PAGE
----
Take the 2-minute tour ×
Stack Overflow is a question and answer site for professional and enthusiast programmers. It's 100% free, no registration required.

A question was raised in a discussion I had around whether an interface method should return a Custom object vs a primitive type.


public interface IFoo
      bool SomeMethod();


public interface IFoo
    MyFooObj SomeMethod();

Where MyFooObj is:

public class MyFooObj
     bool SomeProp{get;set;}

The argument being that you can easily add properties to the object in the future without needing to change the interface contract.

I am unsure what the standard guidelines on this are?

share|improve this question

9 Answers 9

up vote 10 down vote accepted

IMHO Changing the MyFooObj is the same as changing/adding methods to the IFoo Interface - so no I don't think it's a good idea add just another abstraction - remember YAGNI

share|improve this answer
That's what I kind of thought. Thanks –  Tom Jones Mar 22 '12 at 15:22

My standard response is - YAGNI.

You can always change things if it turns out that way, in particular if you control the full source of the application and how the interface is used.

Wrapping a boolean just in order to forecast the future is only adding complication and additional layers of abstraction when they are not currently needed.

If you are using DDD and specific modelling techniques in your codebase, is can make sense to have such aliases to booleans, if they are meaningful in your domain (but I can't see this being the case for a single boolean value).

share|improve this answer

I don't see the point of encapsulating primitive types in a custom object.

If you change the definition of this custom object, then you actually change the contract because the function doesn't return the same thing.

I think it's again an over-engineered "pattern".

share|improve this answer

There are no general guidelines regarding this.

As you pointed out, if you have semantics around the return type that you think strongly believe may change or may need to be updated in the future it may be better to return the complex type.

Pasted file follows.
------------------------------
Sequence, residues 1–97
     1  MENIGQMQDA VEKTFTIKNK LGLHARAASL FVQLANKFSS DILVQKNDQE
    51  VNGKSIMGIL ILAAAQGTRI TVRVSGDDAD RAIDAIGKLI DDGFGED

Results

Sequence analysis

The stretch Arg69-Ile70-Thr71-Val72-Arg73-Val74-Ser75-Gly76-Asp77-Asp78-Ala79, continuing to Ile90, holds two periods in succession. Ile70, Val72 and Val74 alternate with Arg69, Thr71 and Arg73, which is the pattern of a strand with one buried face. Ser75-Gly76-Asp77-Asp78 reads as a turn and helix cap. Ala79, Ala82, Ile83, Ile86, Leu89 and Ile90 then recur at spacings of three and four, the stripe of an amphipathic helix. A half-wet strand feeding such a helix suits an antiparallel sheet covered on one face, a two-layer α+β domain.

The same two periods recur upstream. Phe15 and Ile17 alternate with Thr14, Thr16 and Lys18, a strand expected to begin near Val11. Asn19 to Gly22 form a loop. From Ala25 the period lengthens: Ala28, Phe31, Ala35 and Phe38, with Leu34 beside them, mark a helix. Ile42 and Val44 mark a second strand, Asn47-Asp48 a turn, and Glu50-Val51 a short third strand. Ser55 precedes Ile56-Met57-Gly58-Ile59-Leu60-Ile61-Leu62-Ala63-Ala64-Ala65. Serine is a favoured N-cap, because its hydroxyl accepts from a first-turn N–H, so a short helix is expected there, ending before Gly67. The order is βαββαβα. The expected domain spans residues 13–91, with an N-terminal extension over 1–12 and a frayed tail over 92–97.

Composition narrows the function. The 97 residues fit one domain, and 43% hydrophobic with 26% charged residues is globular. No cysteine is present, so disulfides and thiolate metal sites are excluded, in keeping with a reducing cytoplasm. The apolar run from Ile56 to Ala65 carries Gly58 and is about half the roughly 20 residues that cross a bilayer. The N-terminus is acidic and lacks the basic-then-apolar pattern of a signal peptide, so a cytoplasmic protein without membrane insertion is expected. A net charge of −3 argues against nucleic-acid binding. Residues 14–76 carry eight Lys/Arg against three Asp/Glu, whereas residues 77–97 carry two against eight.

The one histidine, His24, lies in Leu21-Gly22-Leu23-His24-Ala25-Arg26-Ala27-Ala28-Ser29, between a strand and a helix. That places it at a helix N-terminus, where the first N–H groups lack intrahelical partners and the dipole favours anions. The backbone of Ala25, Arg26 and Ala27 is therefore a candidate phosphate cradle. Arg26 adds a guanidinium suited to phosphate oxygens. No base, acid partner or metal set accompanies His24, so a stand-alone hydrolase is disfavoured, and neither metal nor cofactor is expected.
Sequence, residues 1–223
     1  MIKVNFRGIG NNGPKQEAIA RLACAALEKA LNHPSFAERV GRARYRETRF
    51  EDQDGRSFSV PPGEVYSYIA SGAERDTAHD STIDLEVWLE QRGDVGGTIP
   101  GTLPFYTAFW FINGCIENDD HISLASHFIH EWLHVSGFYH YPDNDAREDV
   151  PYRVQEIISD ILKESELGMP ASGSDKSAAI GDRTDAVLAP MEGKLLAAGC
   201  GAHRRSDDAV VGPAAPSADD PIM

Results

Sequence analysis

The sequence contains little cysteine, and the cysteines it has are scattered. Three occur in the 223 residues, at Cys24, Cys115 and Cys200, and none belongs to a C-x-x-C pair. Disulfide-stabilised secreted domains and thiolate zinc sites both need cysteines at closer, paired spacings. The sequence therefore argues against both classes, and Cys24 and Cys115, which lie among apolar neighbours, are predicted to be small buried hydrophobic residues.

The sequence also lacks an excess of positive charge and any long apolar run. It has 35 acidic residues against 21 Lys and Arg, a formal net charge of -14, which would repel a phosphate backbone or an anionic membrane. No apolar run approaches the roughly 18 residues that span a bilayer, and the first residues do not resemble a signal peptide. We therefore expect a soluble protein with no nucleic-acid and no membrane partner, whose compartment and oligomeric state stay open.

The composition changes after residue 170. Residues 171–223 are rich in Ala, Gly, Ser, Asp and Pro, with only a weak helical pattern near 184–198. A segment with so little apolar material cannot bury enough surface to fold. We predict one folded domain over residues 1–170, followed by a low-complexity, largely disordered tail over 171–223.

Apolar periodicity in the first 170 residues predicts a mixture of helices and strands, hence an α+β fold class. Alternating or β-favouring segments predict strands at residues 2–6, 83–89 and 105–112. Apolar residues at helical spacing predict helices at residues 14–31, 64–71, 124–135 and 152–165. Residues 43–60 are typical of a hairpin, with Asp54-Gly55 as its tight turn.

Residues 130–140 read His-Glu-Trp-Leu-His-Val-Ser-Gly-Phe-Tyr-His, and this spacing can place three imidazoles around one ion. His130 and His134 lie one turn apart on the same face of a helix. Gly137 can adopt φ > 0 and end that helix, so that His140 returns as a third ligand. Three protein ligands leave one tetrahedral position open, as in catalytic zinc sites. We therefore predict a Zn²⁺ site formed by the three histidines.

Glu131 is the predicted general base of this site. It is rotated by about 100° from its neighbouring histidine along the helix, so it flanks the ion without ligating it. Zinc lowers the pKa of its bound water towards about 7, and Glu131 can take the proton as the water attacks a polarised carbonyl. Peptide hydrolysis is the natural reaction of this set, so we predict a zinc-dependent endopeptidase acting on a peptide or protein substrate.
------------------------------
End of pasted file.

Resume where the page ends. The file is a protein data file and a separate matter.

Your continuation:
But the reality is that in most circumstances it is better to keep things simple and return the primitive type.

share|improve this answer

That depends somewhat on what you like. My opinion, that in your sample case, I would stick with the simple bool in the interface definition for those reasons:

  • it is the simplest to read possibility
  • no one looks for methods that aren't available

IMHO, an object makes sense only when a certain amount of complexity/grouping is required as a result.

share|improve this answer

If its not required to begin with you should not wrap it changing what is returned inside the object is simply the same as changing the interface which breaks rule number one of programming with interfaces.

Its right up there with designing for extension, YAGNI (you ain't gonna need it).

As a side note I got told off for stuff like this early in my career.

share|improve this answer

If you ever need to return something more than a boolean, it is extremely likely that you are going to modify other parts of the interface as well. Do not make things more complex than they need to be: simplicity is prerequisite of reliability.

share|improve this answer

In addition to the other answers, adding a new field to a custom class is technically still a potential breaking change to the interface's consumers. Link

share|improve this answer
nice link. thanks. –  Tom Jones Mar 22 '12 at 15:39

Just thought I'd mention that if MyFooObj is in an assembly which is strong named, you update it, its version gets updated - old clients will immediately break (e.g. InvalidCastException) due to a version mismatch (it won't attempt a partial bind due to strong nameness) unless they recompile with the new version. You've still changed the interface contract. So best to keep things simple, return the primative type and declare your change of contract more explicitly.

share|improve this answer

Your Answer


By posting your answer, you agree to the privacy policy and terms of service.

Not the answer you're looking for? Browse other questions tagged or ask your own question.